Secret government documents detailing the UK's policies towards fighting global terrorist funding, drugs trafficking and money laundering have been found on a London-bound train and handed to 'The Independent on Sunday'.
The government papers, left on a train destined for Waterloo station, on Wednesday, contain criticism of countries such as Iran that are signed up to the global Financial Action Task Force (FATF), an inter-governmental body created to combat financial crime and the financing of terrorism.
The confidential files outline how the trade and banking systems can be manipulated to finance illicit weapons of mass destruction in Iran. They spell out methods to fund terrorists, and address the potential fraud of commercial websites and international internet payment systems. The files also highlight the weakness of HM Revenue & Customs' (HMRC) IT systems, which track financial fraud.
The Independent on Sunday has returned the documents, and will divulge no details contained in them.
This latest security gaffe involving top-level government documents is the second breach in the past week and is hugely embarrassing to Gordon Brown. The Government is already investigating the loss of other files by a senior intelligence officer in the Cabinet Office, who is understood to have been suspended. This official also left documents, containing a damning assessment of Iraqi forces and a Home Office report on "al-Qa'ida vulnerabilities", on a train. They were handed to the BBC.
The Government has been hit by a series of security breaches in the past year. HMRC lost two computer disks containing the personal details of 25 million people, while the details of three million driving-test candidates were mislaid.
Alistair Darling, the Chancellor, who is in Japan at the G8 meeting, has been told of the latest debacle, and his department insists steps are being taken to tighten security procedures.
Last night, a spokesman said the Treasury regretted the latest incident: "We are extremely concerned about what has happened and will be taking steps to ensure it doesn't happen in the future."
Opposition politicians reacted to the latest news with astonishment. Baroness Neville-Jones, shadow security minister, said the Government needed to "get a grip" on the issue of protecting sensitive data, and lamented "yet another example of a lapse in discipline".
Chris Huhne, the Liberal Democrat home affairs spokesman, said: "This latest failure is extremely damaging to the Government's fight against terrorism as no one knows where the information may have ended up. This is another appalling embarrassment for an accident-prone government."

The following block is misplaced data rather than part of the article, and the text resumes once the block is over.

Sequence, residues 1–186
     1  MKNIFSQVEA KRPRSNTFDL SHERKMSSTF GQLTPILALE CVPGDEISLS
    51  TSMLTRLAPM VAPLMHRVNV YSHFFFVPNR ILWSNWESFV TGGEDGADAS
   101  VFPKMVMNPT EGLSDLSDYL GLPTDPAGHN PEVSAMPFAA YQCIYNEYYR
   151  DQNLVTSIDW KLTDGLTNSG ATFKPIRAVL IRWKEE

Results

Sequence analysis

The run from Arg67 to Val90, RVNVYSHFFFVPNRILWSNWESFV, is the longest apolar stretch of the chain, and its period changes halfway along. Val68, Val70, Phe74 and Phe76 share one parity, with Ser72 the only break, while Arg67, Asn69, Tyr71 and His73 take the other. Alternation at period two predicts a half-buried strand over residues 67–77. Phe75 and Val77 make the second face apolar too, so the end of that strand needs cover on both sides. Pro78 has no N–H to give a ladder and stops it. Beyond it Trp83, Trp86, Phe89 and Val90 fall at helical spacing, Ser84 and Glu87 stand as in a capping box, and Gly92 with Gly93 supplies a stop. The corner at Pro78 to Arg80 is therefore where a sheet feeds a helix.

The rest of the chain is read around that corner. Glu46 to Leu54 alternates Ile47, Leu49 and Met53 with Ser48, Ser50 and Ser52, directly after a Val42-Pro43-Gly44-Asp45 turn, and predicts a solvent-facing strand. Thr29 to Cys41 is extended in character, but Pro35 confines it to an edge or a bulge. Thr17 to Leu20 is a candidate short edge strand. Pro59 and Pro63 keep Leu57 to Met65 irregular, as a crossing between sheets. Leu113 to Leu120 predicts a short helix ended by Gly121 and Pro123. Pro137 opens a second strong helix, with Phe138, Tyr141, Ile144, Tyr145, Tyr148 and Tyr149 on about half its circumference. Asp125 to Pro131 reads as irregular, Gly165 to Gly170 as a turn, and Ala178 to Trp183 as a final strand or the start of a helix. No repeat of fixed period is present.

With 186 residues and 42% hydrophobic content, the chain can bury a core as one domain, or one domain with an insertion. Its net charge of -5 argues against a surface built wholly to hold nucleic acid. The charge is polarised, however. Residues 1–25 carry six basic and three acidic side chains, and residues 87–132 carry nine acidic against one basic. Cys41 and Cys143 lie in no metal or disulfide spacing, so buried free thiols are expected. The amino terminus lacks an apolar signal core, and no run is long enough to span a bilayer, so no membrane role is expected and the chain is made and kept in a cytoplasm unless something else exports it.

The discovery of these confidential files is all the more embarrassing as they relate to a week-long global financial crime conference, organised by the FATF, which starts in London tomorrow.
Sir James Sassoon, the Treasury's ambassador to the City, is president of FATF, the Paris-based watchdog, which has 32 members around the world.
The revelations will come as a blow to Sir James, who is hosting this week's gathering of 450 of the world's leading anti-crime experts. He was unavailable for comment but sources say he is furious about the latest security breach. It is particularly galling as Britain has had a successful year holding the FATF presidency.
The files include briefing notes for the closed conference – to be held at the Queen Elizabeth II Centre – and draft speeches to be delivered by British officials at No 11 Downing Street on Wednesday at a reception for the most senior FATF representatives. Officials at the reception will include the Deputy Assistant Secretary to the US Treasury, Daniel Glaser, and Antonio Gustavo Rodrigues, Brazil's incoming FATF president.
The FATF has already expressed its concern that Iran lacks an effective system to prevent money laundering. It wants Iran to criminalise the financing of terrorism and stop illicit money being diverted to its nuclear programme. The watchdog says this is a significant vulnerability within the international financial system.
It is negotiating with countries such as China, Pakistan, Uzbekistan, Turkmenistan, Burma and the Comoros on their anti-terrorism policies.
Misplaced secrets: Lost laptops, disks and dossiers
The British government has an ignoble history of misplaced sensitive files, in paper and electronic form. The most serious loss of sensitive data came in 1990 when a laptop containing plans for the first Gulf War was stolen from the boot of a car in west London. The computer contained detailed information about how the military planned to remove Saddam Hussein's forces from Kuwait. The RAF officer responsible for the laptop was court-martialled, but the secrets were never leaked.
In 2000 a laptop was stolen from the home of Armed Forces minister John Spellar, the man responsible for Britain's nuclear secrets. The burglar ignored two red boxes containing potentially sensitive documents.
That same year, an MI6 officer left a laptop in a taxi after a night drinking in a bar. Another was snatched when an MI5 officer put it down while buying a ticket at a Tube station. A Royal Navy laptop was stolen in Manchester in 2006, and an Army laptop containing data on 500 people was stolen from a recruiting office in Edinburgh in 2005.
In January 2008, a laptop with details of 600,000 people interested in joining the armed forces went missing. The theft caused concern in light of a terrorist plot in which Muslim extremists planned to kill a British serviceman. The MoD then banned staff from taking home laptops with unencrypted data.
In April, a thief stole the laptop of an Army captain from under his chair at a McDonald's near the MoD. And only last week, secret files on the threat from al-Qa'ida were left on a train.